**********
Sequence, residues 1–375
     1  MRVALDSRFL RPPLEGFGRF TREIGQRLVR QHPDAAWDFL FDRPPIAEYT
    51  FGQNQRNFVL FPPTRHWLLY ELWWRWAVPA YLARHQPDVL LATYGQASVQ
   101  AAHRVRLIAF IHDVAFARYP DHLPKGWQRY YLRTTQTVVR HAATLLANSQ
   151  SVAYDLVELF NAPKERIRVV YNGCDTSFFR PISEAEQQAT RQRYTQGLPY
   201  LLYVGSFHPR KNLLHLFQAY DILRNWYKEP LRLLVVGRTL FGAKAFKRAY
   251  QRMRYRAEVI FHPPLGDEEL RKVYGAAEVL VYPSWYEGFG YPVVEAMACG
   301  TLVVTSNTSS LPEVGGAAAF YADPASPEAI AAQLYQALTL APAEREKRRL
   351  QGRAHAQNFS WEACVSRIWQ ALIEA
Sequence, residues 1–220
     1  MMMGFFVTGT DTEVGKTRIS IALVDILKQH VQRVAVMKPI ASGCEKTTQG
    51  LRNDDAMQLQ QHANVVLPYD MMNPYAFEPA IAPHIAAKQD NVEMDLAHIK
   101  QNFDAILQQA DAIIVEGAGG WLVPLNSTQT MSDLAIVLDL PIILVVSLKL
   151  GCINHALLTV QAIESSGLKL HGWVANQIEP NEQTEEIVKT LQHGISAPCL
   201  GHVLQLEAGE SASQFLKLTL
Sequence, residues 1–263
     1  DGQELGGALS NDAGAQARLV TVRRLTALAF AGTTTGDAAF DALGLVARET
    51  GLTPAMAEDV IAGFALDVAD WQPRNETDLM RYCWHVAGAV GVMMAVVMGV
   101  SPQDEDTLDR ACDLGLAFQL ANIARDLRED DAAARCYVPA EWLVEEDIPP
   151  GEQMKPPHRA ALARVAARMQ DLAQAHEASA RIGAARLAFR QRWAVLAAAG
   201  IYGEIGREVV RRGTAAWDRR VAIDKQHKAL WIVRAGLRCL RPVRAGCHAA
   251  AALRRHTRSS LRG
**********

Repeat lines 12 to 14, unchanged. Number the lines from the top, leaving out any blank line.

    51  LRNDDAMQLQ QHANVVLPYD MMNPYAFEPA IAPHIAAKQD NVEMDLAHIK
   101  QNFDAILQQA DAIIVEGAGG WLVPLNSTQT MSDLAIVLDL PIILVVSLKL
   151  GCINHALLTV QAIESSGLKL HGWVANQIEP NEQTEEIVKT LQHGISAPCL